2016 Golden Award honoree Kay Ahern, PT, CHT has volunteered twenty-six times in twenty-three years.
Kay Ahern, PT, CHT has completed twenty-six assignments in six different countries since she began volunteering with HVO twenty-three years ago. For the eight years leading up to her first trip, she met and chatted with HVO staff working at a booth at physical therapy conventions but hesitated to take the first step. Finally, in 1999, she agreed to a two-week assignment in Hanoi, Vietnam to teach physical therapists at Bach Mai Hospital. It was not an auspicious start—when she arrived, the head of the clinic informed her that they had no students and no interpreter.
Despite this rocky beginning, Ms. Ahern says, “I was hooked.” She continued traveling with HVO all over the world and has taught hundreds of students, made dozens of life-long friends, and collected thousands of stories. One of her many adventures includes traveling from India to Bhutan by bus only to arrive at the border to be denied entry for not engaging a guide to meet her. She was only let through when she threatened to call the king, who she had met, to explain the situation.
Growing up as a member of the Assiniboine tribe on the Fort Peck Reservation prepared Ms. Ahern for some of the difficulties American volunteers face abroad, like limited electricity and no running water. She knows the importance of flexibility and adaptability, and to her chagrin, is no stranger to squat toilets.
Since she has returned numerous times to many of the same hospitals over the course of decades, Ms. Ahern has been privileged to witness the changes that have been made in that time, which she says has been “an absolute joy.” One improvement that stands out to her occurred in India, where in 2007 she was asked by a student to just state the necessary treatment without going through any context or thought process. Ms. Ahern asked, “Don’t you want to know the clinical reasoning?” The student could not understand why she should bother. Thirteen years later, Ms. Ahern returned to the hospital to find that clinical reasoning is now an integral part of how students are taught. She has also seen the physical therapy department in Bhutan grow from a single therapist to more than ten and finds that there, too, students are more open to asking questions.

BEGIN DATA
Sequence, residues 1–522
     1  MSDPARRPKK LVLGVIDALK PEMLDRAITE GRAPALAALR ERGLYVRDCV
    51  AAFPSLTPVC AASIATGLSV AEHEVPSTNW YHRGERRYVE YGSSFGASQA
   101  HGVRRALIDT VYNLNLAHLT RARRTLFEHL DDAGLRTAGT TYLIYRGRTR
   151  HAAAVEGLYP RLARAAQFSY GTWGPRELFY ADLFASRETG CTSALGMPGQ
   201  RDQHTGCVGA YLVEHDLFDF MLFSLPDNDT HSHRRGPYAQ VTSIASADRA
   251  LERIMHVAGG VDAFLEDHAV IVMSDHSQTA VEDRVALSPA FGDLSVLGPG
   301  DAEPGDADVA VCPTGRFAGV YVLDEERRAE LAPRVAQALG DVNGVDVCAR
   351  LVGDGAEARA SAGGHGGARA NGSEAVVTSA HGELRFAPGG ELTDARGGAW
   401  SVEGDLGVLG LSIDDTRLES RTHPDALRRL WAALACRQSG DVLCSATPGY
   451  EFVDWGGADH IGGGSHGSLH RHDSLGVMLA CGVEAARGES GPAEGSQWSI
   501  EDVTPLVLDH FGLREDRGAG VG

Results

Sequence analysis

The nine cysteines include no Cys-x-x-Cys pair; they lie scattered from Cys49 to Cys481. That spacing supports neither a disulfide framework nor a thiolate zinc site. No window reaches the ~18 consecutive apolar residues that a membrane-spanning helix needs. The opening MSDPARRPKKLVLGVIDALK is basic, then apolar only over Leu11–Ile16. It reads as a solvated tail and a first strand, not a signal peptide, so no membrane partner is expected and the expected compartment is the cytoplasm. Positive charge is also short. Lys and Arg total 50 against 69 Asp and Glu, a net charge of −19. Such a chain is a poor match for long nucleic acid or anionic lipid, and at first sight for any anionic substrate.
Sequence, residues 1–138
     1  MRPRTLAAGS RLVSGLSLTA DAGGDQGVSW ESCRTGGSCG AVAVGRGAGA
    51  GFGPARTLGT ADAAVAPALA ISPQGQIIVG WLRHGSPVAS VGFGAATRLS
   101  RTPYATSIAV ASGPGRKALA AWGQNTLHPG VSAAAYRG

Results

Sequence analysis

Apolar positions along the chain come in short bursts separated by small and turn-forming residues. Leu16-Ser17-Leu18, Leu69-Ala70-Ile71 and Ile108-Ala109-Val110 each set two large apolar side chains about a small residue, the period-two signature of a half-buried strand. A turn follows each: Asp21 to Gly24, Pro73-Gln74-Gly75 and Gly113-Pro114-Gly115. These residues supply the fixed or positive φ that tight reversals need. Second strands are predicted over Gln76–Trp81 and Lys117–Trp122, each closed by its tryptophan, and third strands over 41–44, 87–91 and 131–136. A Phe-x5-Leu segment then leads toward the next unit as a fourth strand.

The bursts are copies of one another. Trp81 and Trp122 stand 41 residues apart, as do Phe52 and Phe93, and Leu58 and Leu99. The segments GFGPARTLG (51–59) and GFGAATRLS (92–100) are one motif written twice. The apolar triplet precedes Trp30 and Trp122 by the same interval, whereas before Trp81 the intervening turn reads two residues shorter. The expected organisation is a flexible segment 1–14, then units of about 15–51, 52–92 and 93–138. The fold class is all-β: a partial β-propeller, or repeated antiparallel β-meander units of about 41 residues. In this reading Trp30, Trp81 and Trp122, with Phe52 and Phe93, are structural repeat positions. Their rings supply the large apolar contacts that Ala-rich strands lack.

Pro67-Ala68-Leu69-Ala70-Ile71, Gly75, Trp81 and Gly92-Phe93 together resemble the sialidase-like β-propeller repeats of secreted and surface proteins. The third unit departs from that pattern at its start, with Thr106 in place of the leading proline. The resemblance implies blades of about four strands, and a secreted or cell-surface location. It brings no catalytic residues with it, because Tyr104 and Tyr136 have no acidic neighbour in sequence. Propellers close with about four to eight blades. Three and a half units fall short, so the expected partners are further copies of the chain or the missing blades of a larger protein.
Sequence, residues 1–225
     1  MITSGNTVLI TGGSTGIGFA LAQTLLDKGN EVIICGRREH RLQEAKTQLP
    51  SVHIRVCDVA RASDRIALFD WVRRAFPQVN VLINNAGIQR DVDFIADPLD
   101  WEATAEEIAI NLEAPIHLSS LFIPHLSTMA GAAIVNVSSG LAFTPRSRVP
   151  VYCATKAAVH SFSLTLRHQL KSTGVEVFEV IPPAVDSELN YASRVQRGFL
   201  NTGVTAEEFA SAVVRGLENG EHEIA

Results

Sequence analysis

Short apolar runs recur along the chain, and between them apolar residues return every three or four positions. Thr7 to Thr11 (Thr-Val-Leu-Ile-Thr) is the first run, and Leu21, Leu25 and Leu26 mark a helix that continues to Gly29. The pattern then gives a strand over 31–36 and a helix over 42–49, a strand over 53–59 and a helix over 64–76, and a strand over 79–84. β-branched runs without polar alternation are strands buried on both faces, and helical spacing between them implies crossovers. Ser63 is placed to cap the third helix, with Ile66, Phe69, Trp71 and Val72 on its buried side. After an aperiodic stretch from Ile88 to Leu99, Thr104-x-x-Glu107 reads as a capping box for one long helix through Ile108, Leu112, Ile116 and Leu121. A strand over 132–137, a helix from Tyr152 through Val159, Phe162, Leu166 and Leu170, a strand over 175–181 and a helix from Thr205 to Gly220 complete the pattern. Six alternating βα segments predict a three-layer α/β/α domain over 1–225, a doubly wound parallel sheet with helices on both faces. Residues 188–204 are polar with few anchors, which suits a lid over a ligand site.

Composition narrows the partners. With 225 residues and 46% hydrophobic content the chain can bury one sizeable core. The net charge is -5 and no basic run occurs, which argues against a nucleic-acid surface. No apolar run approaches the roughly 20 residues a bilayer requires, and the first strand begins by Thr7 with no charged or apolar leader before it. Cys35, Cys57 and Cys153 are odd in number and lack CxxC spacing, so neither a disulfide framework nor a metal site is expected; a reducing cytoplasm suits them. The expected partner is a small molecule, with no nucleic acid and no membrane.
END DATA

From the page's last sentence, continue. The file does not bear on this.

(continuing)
In 2016 in Vietnam, Ms. Ahern worked with Dr. Thanh who told her he was tired of his technicians telling him they had learned something that he would later test them on with failing results. Ms. Ahern was undaunted and asked Dr. Thanh for just two hours a week with the group of students to practice three types of splints over and over. An interpreter was only provided for the first session. At her final lecture, she had her students present what they had learned with great success. A full year later, Dr. Thanh had them demonstrate these splints to hospital staff; they still remembered the skills. He said of Ms. Ahern, “Do you know why Kay keeps coming back? Because she cares about us and our progress.”
One of the many valuable lessons Ms. Ahern would like to impart to newer volunteers is, “I learned that I needed to listen more, because if you talk all the time, you don’t learn anything.” She adds that volunteers will often separate themselves from the staff they are teaching, but it is better to see them as colleagues and resources and to value their opinions on their own country and culture—and to not underestimate the people around you.
Ms. Ahern is not done with travelling. She already has plans to spend two weeks at an Ayurvedic center in India before heading to the Jaipur literature festival. After India, she will travel to Cambodia to volunteer with The Lake Clinic, a non-profit that serves remote and isolated villages in the Tonle Sap Lake area.
For those looking for reasons to travel and volunteer, Ms. Ahern says, “It’s about expanding your curiosity about the world and the different ways people live and think.” It’s a chance to look beyond what we hear in the news and other media and to really get to know people and cultures: “It’s all about people.”
A big thank you to Ms. Ahern for all of her service and advice!